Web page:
Draft your own pattern baby shirt top 2

I hemmed the bottom of the jersey piece, then attached all the sides that were copied using a basic running stich as close to the edge as I dared, as all raw edges from these sections will end up in a seam anyway. I then joined the 'V' neck to the jersey material using a zigzag stitch at a very short stitch length. In the picture I hadn't finished off the bottom of the neck line. This was just because I hadn't decided if I wanted to tuck the tie in or have it down the length. It looked far better down the length so go ahead and zigzag the straight part too.

Finishing attaching baby shirt tutorial

I attached some binding to the front and back neck lines. To do this, I took 2 strips of jersey for the front and a little strip from the fat end of the tie for the back. My fabric was 2 inches wide. I folded the edges in to meet in the middle. Pressed and pinned.

Jersey bias binding for neckline baby shirt tutorial

I then used a bias binding attachment on the sewing machine to attach the fabric to the neck line.

bias binding sewing machine foot on baby top

The next step is to attach front pieces to the back piece, so line up the shoulder pieces with patterned sides together and run a seam across the top. I then turned it pattern side out again and pinned the front pieces together to check the alignment and keep it in place while fitting the sleeves. I confess I cheated for the sleeves. I measured how long I would need the sleeves, added a bit for hem allowance, then cut myself 2 rectangles. I pinned the rectangles to the sleeve edges then just trimmed the excess like this (note pattern side down):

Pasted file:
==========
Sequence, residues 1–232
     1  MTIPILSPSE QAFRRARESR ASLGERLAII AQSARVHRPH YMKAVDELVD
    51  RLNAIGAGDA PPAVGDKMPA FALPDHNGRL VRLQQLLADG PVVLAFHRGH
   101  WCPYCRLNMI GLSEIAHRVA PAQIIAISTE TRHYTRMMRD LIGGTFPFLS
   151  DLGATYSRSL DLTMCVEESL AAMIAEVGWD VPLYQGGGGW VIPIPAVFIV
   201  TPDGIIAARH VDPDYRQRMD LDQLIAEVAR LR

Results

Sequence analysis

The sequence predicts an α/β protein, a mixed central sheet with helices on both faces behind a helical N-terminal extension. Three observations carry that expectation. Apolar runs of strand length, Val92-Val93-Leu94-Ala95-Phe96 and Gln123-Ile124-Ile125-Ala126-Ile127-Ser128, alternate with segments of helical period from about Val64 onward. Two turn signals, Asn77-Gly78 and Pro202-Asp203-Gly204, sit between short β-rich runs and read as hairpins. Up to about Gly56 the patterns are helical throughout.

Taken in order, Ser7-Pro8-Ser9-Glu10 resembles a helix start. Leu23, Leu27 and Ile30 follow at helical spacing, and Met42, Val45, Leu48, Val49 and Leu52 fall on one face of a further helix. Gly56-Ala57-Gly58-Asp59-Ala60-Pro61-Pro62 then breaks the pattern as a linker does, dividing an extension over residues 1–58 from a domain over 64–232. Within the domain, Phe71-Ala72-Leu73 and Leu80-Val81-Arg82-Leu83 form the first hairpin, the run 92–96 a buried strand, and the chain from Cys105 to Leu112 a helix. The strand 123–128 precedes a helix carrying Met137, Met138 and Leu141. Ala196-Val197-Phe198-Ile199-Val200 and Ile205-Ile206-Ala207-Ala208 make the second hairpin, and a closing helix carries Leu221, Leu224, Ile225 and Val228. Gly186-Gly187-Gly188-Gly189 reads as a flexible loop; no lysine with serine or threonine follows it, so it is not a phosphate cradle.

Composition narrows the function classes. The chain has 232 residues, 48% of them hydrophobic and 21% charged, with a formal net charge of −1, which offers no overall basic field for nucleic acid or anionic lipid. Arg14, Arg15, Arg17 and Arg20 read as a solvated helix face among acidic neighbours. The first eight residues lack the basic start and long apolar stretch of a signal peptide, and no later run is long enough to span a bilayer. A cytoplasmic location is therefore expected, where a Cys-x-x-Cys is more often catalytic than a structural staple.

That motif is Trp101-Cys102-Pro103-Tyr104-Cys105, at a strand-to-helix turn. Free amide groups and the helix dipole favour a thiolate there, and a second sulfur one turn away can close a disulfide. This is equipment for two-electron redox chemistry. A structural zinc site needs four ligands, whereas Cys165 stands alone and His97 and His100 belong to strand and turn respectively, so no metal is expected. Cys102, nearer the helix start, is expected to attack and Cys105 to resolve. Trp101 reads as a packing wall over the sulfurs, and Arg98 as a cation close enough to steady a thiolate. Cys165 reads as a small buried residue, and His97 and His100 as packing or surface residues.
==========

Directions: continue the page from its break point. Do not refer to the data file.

Baby shirt attach sleeves

I hemmed the ends of the sleeves in the hope that it was about the right length then sewed the arms and body closed as 2 long lines of uninterrupted stitching going from sleeve end to waist. I then hemmed the 2 vertical raw edges along the front.

Free tutorial baby shirt joining sleeves and side seams

Now obviously I hadn't been trying things on as I went as a wriggly baby that hates sleeves going on and off on a good day combined with pins are never a good combo. So this was my first and only fitting. I used safety pins to mark the length I wanted to take off as well as where the bottom popper should go without it wanting to burst open while sitting with a fat cloth nappy on underneath. The body width had come out fine but the sleeves and body length were too long, so I trimmed off about 1 1/2 inches following the original lines. I also felt the neck line was a little too high so I turned over the trimming and stitched it down under itself.

Adapting post fitting baby shirt